Archived Story

When the wife is injured, hubby steps up

Published 12:02pm Friday, January 31, 2014

Column: Things I Tell My Wife, by Matthew Knutson

“OK, we’ll try counting baby elephants instead,” I said to my wife as she complained about how she found sheep to be disgusting. The next morning I asked her if she’d ever heard of the concept of counting sheep to help a person fall asleep. She had only vague recollections of the concept.

After I counted to 50 baby elephants in honor of her favorite animal, she was out for about five minutes that night. Her lower back has been in tremendous pain for several months, and at this point, there is nothing that is not worth trying to help her when she’s suffering and can’t sleep. Suffering sounds harsh, but it’s the only word I can use to describe it at this point.

After those five minutes of blissful sleep, I began counting baby elephants for her again.

“Where are all the grown-up elephants?” Sera said to me in her half-asleep state. “And why are all the baby elephants not with them?”

This was getting out of hand. She’s not suppose to be analyzing the situation the elephants are in; she’s suppose to be falling asleep. Eventually she did fall back asleep after I reached 80 baby elephants, and I fell asleep before she woke up again. We haven’t tried counting elephants since that night.

When you get married, it’s traditional for the couple to vow to love one another in both sickness and in health. Sera and I had very traditional vows, and that line was included. I knew it would be much more relevant sooner in our marriage than some of the other things we vowed.

While Sera’s back pain has gotten worse since our marriage in August, I don’t think either of us expected the pain to increase this rapidly while we’re both still so young. After numerous doctor visits, we haven’t yet been told what is causing the pain with any certainty from a medical professional. Thus, I’ve quickly added “caretaker” to my list of roles as a husband.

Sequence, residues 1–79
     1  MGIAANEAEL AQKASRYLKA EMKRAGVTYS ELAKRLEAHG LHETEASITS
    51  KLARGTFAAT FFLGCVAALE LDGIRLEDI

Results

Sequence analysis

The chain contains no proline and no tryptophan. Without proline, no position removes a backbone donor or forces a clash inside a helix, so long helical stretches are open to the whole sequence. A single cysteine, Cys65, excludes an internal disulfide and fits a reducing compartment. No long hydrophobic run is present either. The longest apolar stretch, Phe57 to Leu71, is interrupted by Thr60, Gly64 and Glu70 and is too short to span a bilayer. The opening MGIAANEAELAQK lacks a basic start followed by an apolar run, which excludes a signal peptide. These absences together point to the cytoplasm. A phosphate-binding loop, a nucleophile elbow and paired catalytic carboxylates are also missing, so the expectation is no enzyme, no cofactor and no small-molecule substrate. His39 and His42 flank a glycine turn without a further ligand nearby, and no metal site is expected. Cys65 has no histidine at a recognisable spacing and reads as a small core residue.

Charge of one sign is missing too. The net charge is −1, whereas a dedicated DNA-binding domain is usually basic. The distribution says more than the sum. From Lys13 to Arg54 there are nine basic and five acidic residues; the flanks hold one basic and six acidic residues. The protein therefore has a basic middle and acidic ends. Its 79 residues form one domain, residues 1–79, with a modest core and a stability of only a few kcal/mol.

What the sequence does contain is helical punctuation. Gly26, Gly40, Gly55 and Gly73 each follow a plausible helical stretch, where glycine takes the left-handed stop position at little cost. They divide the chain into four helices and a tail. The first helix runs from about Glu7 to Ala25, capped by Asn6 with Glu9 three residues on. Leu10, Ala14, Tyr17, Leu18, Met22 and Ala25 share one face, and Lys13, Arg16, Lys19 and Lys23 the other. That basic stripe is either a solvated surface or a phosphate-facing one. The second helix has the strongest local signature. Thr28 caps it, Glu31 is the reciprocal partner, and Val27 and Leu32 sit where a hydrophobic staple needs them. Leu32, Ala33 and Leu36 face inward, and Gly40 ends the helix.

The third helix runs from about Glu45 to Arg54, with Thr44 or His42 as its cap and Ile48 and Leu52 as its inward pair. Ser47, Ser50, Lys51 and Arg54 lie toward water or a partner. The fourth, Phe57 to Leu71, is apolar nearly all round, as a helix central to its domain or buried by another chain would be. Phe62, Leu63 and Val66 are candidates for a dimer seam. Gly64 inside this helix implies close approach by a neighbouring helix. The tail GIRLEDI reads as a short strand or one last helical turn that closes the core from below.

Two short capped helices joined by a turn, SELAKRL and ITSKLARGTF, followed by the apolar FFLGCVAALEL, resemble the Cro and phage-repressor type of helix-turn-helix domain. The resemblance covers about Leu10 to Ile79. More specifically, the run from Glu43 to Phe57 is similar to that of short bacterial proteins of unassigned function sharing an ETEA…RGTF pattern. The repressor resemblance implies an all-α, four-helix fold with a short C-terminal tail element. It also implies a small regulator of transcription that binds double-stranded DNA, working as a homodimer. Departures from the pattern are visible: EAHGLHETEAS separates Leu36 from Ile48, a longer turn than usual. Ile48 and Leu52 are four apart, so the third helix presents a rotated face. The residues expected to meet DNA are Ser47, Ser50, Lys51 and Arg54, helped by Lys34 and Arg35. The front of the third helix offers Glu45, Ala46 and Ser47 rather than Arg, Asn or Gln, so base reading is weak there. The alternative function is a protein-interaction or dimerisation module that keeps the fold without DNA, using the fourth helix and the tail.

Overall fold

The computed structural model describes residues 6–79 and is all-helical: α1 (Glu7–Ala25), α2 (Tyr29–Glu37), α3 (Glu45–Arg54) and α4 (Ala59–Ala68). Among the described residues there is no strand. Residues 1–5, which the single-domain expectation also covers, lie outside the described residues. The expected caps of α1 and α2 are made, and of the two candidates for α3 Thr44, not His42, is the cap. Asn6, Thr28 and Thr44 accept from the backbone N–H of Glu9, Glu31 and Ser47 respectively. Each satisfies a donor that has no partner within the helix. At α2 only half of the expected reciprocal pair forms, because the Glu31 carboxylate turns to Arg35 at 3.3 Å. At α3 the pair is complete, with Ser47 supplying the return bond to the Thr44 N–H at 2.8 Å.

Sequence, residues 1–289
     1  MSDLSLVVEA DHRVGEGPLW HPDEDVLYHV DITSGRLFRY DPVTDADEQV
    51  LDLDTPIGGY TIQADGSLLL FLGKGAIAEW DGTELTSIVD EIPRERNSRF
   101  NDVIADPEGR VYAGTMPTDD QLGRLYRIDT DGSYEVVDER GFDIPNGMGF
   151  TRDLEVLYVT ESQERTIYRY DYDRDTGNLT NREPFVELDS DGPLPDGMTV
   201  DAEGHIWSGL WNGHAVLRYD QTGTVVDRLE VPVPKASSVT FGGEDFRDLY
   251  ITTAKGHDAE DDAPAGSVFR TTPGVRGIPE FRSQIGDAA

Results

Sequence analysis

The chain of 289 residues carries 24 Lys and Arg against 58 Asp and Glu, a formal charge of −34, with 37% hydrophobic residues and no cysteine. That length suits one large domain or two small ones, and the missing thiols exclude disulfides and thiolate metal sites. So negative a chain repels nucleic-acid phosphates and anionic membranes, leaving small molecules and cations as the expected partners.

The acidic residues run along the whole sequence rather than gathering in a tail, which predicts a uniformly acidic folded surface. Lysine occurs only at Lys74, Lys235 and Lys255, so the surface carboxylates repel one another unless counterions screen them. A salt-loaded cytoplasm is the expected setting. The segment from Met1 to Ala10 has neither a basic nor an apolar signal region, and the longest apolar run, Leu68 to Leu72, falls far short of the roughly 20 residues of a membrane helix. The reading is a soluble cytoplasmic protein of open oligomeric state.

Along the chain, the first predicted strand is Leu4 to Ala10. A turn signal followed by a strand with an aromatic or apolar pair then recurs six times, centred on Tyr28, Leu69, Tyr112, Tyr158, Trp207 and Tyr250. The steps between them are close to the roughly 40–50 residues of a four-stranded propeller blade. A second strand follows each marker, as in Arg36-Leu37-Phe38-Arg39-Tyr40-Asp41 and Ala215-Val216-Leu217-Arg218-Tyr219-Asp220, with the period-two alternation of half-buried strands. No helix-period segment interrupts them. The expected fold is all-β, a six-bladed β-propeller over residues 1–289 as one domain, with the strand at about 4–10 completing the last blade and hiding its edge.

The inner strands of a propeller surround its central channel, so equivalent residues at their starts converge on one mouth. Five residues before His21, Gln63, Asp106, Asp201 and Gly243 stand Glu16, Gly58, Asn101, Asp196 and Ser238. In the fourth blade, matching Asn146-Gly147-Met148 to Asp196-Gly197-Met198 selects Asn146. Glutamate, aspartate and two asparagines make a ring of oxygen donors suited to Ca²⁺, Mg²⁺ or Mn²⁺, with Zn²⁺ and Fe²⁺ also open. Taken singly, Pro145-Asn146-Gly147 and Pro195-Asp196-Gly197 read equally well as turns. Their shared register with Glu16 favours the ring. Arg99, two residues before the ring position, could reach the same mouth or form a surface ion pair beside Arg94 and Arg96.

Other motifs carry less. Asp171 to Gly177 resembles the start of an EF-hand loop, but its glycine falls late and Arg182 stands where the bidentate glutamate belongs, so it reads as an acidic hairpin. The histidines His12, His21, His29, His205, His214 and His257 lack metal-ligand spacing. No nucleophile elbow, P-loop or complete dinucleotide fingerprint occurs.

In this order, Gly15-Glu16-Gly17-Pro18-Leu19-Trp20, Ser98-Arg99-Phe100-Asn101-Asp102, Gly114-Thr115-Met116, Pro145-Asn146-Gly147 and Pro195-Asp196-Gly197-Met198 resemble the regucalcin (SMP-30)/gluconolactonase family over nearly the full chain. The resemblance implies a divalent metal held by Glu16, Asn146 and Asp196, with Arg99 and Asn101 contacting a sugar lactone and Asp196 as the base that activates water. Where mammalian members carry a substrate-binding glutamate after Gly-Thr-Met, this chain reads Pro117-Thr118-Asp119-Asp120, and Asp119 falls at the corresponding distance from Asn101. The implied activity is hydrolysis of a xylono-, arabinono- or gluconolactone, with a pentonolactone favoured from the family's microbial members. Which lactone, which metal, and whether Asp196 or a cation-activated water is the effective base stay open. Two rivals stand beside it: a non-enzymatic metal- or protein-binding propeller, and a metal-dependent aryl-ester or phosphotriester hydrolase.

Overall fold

In addition to counting elephants, this means putting her ice pack on her back every morning before I leave for work, parking closer to my side of the garage so she has more room to get out of the car and always giving her my arm when we slowly walk from the store to our vehicle.

These daily occurrences allow me to easily demonstrate my love for her, something of which I’m grateful. Without them, it’s easy to think marriage could lose its spark because there would be no necessity to go out of the way to help my wife.

This Monday Sera gave me an opportunity to step up my caretaker game. We made the trek up to Albert Lea for her to get an MRI done so doctors might see how her back has changed in the last year and a half. When we arrived promptly at 7 a.m., Sera was told she should have taken the pre-MRI anti-anxiety medication an hour before the appointment, which meant it didn’t actually start fully working until halfway through the MRI. I’d now get to enjoy a delusional wife for the rest of the day. Case in point, she called my cellphone when I was in the living room to make sure I was OK.

In between the slurred I-love-yous and serving as my wife’s mobility assistant, I realized I’d never want to do this for anyone else. If I had to, I certainly would, but it’s only worthwhile if it’s for her. In a strange way, I hope all married people are able to experience this. Like many of life’s joys, it’s probably not possible without some pain.

Do I hope Sera’s back is on the path to healing soon? Certainly. While the role of caretaker is actually a natural one for me, it isn’t something sustainable for most people long term. I’d rather not test my limits. That being said, I’m appreciative of this time that draws us closer out of necessity.

Perhaps someday in the distant future Sera will get to return the favor, though she’ll have to put up with me counting sheep instead of elephants. I’m much more of a traditionalist.


Matthew Knutson is a marketing specialist at Waldorf College in Forest City, Iowa. Find him online at